If you remember, a couple of weeks ago we purchased our first grape vines, Scuppernong Muscadines, to be exact. I promised to show you how we planted and trellised them, so here it is. This is more of an “How We Did It” than it is advice from an expert (though I asked the vineyard owner we got them from a lot of questions, and have done a lot of reading online).


The first task was to build the trellis. We decided on a nice sunny spot in the front yard and got to work. First stop was the hardware store where we purchased two 6″x6″x8′ pressure treated posts, two 4″x4″x8′ pressure treated posts, and 75 ft of 9 gauge smooth galvanized cable. (This project cost about $100. If you can find scrap materials to build this from, or use metal stakes between the end posts instead of the wooden ones, you’ll save yourself some money.)

muscadine trellis

Each post needed to be three feet in the ground (though I think we only went two feet with the middle posts). We didn’t concrete them in, or reinforce them in any way. We only packed them in well. If, with time, they begin to lean in under the weight of the vines, we’ll have to do something to make them stronger. We’re hoping they’ll just stay where they are.

The posts are spaced 20′ apart, with the two smaller posts between the larger end posts. Each post is 5′ tall when sunk into its hole.

muscadine trellis

Once the posts were firmly in place, it was time to run the cable. We attached the cable on one side by wrapping it around the end post, stapling it with 1.5 inch staples, and securing it with two cable clamps.

muscadine trellis

Then, pulling it as tight as we could, we stretched it across to the other end post, loosely stapling the cord to the tops of the two center posts as we went. You need to make sure that the cord can still slide underneath the staple as you will eventually need to tighten the line again.

muscadine trellis

On the other end post we wrapped the cord once again, secured it in place with 1.5 inch staples, and attached it to a clothes line tightener using cord clamps. We screwed a heavy duty eye hook into the post, and hooked the cord to it. As the line gains slack, we will use this to tighten it up again. We may have to cut the line to tighten it as well, over time.


When we bought the plants they were in containers, and already trained up a 5 ft. bamboo shoot. Once our trellis was built, we planted each vine in its designated place, 10 ft from each post (or directly centered between the two posts which were set 20′ apart).

I read that you are not to use a post hole digger to dig the hole to plant them in, as it would create a hole with walls that are too tightly packed for the roots of the plant to be able to grow through. So, we dug with a shovel, and made a hole twice as big as we would need, just so that when we filled it back in around the roots it would be loose soil.

Once the hole was dug (only as deep as the root ball), we set the plant into the hole, and filled it in with potting soil. The vineyard man said not to use any compost or fertilizer during this process. When the hole was filled, we packed it in well. We left the bamboo stick in with the plant, to help keep it trained up to the line as it grows.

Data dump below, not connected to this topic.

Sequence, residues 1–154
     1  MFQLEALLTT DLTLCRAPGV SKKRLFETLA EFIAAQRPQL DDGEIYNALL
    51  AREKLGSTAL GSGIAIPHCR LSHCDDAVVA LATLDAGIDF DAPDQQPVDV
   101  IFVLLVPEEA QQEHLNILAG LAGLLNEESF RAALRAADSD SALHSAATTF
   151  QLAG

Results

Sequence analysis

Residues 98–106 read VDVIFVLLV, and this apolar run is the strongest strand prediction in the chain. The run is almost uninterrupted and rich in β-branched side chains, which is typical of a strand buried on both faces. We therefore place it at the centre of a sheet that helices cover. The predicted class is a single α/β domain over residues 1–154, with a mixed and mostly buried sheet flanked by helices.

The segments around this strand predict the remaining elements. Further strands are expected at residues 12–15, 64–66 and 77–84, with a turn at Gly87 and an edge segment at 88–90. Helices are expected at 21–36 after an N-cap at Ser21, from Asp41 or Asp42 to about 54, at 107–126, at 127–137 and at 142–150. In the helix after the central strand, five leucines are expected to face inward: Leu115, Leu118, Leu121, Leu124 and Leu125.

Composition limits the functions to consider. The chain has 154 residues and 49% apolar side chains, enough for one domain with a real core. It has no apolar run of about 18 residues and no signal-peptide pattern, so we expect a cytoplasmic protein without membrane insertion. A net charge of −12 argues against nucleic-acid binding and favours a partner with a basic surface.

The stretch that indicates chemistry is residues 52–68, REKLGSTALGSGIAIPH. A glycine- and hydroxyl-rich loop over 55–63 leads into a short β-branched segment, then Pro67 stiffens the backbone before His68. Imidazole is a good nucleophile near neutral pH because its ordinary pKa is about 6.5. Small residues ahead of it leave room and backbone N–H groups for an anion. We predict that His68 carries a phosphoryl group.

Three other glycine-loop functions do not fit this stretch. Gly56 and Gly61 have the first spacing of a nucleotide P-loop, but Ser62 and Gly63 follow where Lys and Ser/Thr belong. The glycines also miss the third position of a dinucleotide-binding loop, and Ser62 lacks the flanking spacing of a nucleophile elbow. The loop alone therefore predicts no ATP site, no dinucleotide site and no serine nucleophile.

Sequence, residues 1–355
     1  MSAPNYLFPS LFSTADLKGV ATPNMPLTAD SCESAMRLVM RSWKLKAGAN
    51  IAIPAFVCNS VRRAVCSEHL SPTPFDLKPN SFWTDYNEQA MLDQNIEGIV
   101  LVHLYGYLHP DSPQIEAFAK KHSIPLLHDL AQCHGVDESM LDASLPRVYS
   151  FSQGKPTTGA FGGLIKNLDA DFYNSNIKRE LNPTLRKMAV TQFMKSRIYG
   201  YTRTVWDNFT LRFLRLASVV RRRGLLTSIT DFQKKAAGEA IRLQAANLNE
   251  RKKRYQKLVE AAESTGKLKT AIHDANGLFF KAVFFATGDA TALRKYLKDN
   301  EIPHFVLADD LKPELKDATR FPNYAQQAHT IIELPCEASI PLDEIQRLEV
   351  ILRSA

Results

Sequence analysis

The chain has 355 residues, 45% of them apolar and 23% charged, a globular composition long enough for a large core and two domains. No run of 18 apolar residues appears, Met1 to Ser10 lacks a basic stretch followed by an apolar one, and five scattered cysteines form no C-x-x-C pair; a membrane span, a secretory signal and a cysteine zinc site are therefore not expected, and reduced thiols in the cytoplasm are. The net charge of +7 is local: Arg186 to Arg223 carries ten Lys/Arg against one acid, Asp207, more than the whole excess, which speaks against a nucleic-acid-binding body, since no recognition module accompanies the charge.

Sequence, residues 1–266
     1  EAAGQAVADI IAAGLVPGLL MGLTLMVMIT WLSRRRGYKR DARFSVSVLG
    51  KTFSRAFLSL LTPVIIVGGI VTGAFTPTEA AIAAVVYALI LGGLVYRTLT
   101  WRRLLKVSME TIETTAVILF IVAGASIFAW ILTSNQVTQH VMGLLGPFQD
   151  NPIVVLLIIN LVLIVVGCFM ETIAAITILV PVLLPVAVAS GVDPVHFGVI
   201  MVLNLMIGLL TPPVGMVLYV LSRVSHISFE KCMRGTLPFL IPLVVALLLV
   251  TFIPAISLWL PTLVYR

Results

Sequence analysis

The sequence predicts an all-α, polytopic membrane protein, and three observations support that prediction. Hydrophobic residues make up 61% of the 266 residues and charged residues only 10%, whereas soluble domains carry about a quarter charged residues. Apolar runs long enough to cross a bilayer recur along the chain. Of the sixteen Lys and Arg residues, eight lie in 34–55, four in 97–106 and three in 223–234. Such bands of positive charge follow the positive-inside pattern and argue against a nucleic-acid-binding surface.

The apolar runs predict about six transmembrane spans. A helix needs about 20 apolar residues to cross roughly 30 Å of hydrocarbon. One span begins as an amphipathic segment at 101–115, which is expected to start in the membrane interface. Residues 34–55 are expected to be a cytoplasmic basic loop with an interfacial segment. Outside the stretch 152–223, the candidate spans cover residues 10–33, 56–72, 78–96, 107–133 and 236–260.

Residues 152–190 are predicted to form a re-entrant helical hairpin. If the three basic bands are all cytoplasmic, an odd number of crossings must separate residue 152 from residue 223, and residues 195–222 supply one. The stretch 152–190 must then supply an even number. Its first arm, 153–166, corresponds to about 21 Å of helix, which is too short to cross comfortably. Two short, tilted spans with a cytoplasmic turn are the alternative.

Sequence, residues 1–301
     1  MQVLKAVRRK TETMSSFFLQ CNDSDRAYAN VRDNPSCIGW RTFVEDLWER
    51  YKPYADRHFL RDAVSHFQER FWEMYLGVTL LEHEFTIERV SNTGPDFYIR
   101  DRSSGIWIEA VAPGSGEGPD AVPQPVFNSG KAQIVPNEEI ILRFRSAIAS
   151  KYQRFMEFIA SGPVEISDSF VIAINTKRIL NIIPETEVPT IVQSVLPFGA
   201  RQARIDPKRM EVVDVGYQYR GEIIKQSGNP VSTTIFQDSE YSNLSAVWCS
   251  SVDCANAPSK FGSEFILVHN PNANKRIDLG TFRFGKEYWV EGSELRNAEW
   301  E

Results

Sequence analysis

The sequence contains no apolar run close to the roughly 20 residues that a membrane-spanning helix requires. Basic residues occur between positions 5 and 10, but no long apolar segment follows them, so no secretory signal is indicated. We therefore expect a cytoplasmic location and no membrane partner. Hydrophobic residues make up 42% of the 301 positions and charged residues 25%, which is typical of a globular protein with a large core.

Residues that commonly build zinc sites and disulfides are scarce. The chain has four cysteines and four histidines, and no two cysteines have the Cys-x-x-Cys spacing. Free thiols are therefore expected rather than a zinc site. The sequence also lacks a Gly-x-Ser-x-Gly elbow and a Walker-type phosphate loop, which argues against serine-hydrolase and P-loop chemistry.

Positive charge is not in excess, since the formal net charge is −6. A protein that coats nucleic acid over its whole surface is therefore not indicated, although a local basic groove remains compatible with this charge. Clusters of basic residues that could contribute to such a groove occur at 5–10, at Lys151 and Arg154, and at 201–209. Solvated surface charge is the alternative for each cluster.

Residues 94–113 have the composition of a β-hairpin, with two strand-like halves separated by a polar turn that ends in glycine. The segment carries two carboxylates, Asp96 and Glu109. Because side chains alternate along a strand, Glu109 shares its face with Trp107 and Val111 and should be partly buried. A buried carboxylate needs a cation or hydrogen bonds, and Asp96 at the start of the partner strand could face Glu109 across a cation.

Muscadines need lots of care for the first two years especially. They need to be cleared of any grass or weeds around their base, and mulched with pine needles. Make sure that the pine needles don’t touch the base of the vine though, as it will cause more growth near the ground that you don’t want.

The man instructed us to remove all leaves from the trunk, and keep it free from growth so that all of the energy of the plant will go to the top instead. We were to prune all but two vines from the top of the plant, each going in the opposite direction to cover the cable on the trellis. We used some thin nylon rope to loosely tie the vines to the cord.

We planted three of them this way, with the female plant placed between the two male plants. At some point, in Spring I think, we will need to fertilize with 10-10-10. The man said not to use bug spray, that the Japanese Beetles might eat some of the leaves, but that they would not kill the plant or ruin the fruits.

As you can see, we still need to remove the grass underneath the trellis. We plan on tilling it up instead of spraying any weed killer. Be careful around the roots of the plant though, as they grow only a couple of inches beneath the soil. Lightly cultivate around the base of the plant, as needed only. Planting a cover crop of crimson clover in Fall will help kill weeds, add Nitrogen to the soil, and help reduce fungus growth in the Spring.

Here are two sites that the guy we bought the plants from highly suggested for planting, pruning, and trellising advice:

We planted the vines along the front of the garden. I’m hoping to one day build an arched arbor as the entrance to the garden and have grape vines trained to grow over it. As with all things we plant, I really hope they do well!!

June 2015: 5 Years Later



Anyone have any advice to share?? Do you have grape vines or muscadines on your homestead?